Baked Brie with apricot jam.
Do you taste what I'm getting at here?
The juxtaposition of sweet and savory/salty isn't some surprising new trend. Roast meats have long been served with a sweet accompaniment: applesauce with pork, mint jelly with lamb, chutney with roast chicken.
But the sweet/salty/savory combo in baking is a bit more unusual. And it's often a base sweet that's served with a savory/salty condiment. Witness the oh-so-trendy caramels (or chocolate) with sea salt.
Or one of my favorite treats, Salty-Sweet Butter Pecan Cookies.
Personally, I've wondered for several years why Kettle Brand chips or some other "with it" chip manufacturer hasn't come out with a salty-sweet potato chip. I mean, french fries and ketchup are basically salty/sweet; why not just take your basic salted chip and add a touch of crunchy sugar?
NO ONE listens to meeeeee...
If the potato chip equivalent of kettle corn sounds good to you, then you're definitely into these seemingly opposing flavors playing nicely together.
And I bet you won't be afraid to try this Sausage and Apple Pie.
We all love apple pie, right? And who doesn't enjoy breakfast sausage?
So it's just a small step to combine these two bold flavors in a flaky, buttery crust, and see what happens.
My opinion? These guys make beautiful music together. Especially when you add a sweet/buttery topping (think brown-sugar cured bacon).
Ready to cast aside any lingering doubts and take the apple-sausage plunge?
Let's do it.
First step: Cook 1 pound of breakfast sausage until it's nice and brown. Transfer the cooked sausage to some paper towels to drain and cool, and pour off most of the fat, leaving just a sheen in the pan. Set the pan aside for now; you'll come back to it.
Next, the crust; I'm making a simple butter crust here.
Whisk together 2 1/2 cups (10 1/2 ounces) King Arthur Unbleached All-Purpose Flour and 1 teaspoon salt.
Add 8 tablespoons cold butter, working it in until the mixture is crumbly.
Divide the mixture in half. Add 1/2 cup brown sugar to one half; this will be the topping.
Squeeze the remaining crust mixture into a cohesive ball, dribbling in a tablespoon or so of ice water if necessary to bring the dough together. Shape the ball into a disk. Place it in the fridge to chill and relax while you prepare the apples.
Start with about 2 pounds of apples, which is about 5 medium, or 4 large.
Peel, core, and slice the apples; an apple peeler/corer/slicer makes quick work of this task. You want about 6 cups of apples, more or less; don't be fussy.
Transfer the apples to the pan in which you fried the sausage, and add the following:
1/4 teaspoon salt
1 cup apple cider or apple juice; or substitute 1/4 cup boiled cider + 3/4 cup water
1/2 cup brown sugar
Cook the sliced apples for 15 minutes, or until the apples are tender and the liquid is syrupy.
While the apples are cooking, go back to your pie crust.
Start preheating your oven to 425°F.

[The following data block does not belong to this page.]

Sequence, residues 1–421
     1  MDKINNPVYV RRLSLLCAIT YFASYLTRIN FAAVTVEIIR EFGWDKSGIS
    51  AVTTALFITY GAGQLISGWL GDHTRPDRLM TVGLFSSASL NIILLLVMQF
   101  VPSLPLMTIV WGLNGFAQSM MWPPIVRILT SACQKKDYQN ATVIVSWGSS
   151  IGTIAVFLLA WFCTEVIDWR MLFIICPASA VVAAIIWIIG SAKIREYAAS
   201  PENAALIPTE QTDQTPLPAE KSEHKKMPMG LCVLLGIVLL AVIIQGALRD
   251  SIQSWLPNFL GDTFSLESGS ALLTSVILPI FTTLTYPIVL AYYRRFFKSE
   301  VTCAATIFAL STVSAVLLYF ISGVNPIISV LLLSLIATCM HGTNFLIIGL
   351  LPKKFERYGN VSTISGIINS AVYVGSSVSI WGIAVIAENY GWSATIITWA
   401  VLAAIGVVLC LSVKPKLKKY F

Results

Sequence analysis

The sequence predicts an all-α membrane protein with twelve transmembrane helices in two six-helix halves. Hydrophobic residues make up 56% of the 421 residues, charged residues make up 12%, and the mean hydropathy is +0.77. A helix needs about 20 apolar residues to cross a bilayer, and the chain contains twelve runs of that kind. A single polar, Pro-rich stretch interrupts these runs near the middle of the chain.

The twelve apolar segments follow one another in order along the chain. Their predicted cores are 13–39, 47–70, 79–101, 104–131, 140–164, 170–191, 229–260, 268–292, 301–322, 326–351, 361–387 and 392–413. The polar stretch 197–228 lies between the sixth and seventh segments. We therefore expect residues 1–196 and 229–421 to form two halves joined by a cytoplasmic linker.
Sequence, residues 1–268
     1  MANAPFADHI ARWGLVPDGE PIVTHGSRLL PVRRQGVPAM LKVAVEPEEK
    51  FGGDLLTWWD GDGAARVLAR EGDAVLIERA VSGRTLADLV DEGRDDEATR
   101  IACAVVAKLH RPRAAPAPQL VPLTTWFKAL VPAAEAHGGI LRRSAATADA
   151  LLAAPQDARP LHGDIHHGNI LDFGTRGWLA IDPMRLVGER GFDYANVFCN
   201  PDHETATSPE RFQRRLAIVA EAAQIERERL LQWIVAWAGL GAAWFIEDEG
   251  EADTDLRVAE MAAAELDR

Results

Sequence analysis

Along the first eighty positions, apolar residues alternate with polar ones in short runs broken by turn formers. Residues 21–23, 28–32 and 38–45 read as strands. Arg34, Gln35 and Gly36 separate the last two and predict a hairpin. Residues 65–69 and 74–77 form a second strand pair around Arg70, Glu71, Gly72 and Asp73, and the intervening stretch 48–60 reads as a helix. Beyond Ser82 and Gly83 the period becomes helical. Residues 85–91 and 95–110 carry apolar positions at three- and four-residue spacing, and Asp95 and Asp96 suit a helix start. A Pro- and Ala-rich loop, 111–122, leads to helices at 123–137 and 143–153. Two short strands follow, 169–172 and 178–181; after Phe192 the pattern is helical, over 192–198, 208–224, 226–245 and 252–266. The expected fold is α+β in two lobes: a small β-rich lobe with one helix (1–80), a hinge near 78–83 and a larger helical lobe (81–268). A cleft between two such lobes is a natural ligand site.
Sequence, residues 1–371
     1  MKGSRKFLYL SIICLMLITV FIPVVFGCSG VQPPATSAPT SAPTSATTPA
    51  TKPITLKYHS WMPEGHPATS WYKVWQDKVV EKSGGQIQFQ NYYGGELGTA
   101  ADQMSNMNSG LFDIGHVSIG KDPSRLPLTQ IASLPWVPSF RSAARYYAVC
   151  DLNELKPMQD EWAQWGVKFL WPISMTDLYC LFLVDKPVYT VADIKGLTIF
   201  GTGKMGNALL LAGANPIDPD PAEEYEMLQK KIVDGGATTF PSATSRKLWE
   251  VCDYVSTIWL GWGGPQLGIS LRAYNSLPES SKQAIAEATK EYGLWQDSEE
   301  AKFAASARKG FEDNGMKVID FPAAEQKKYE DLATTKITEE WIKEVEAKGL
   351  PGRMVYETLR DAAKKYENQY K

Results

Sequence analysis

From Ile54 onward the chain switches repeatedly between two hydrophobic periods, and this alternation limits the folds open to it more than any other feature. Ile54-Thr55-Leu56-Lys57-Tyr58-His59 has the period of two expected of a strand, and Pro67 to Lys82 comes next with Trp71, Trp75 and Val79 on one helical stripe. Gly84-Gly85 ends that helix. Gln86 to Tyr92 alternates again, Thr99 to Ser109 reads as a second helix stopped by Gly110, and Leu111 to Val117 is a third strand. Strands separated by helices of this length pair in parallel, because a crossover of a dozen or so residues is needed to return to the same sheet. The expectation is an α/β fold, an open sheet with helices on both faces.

Roll the chilled crust about 12 1/2" diameter. If it's been in the fridge longer than 30 minutes or so, you may need to let it warm a bit; it should be fairly easy to roll, not stiff and unforgiving.
Place the crust in a 9" pie pan. Crimp the edges of the pastry to make a nice-looking rim.
By the way, see how raggedy my crust is when I roll it out? This is kind of a hallmark of a high-fat crust; it's tender, and tends to split around the edges.
But, who cares? Once it's in the pan, it's easy to patch any holes, and turn those ragged edges into something passably pretty.
OK, back to the apples.
See how the liquid is so bubbly that the bottom of the pan is showing in spots? That means the apples are ready.
Stir the cooked sausage into the apples...
...then spoon the filling into the crust.
Top with the brown sugar crumb topping.
Set the pie pan on a parchment- or foil-lined baking sheet, to catch any potential drips.
Bake the pie for 15 minutes, then lower the oven heat to 375°F and bake for an additional 35 to 45 minutes, until the crust is very brown. If the crust appears to be browning too quickly, tent it lightly with foil.
Remove the pie from the oven. Both crust and crumb topping should be golden brown.
The filling should be bubbling up through the crumb crust in spots.
Let the pie cool for 30 minutes or so before serving; it'll be pretty messy if you don't give the soft apples a chance to set up a bit.
So, what do you think – are you willing to give this pie a try? I usually served it at brunch, and even the reluctant tasters go back for more.
Now, for those of you who like to print out the recipe from our recipe site, and compare it to the blog pictures, you're out of luck: while the blog matches the recipe's filling, the crust is different. The crust I've just shown you is detailed in the "tips from our bakers" section of the recipe, though, so you can follow along there.
Please read, bake, and review our recipe for Sausage and Apple Pie.
Print just the recipe.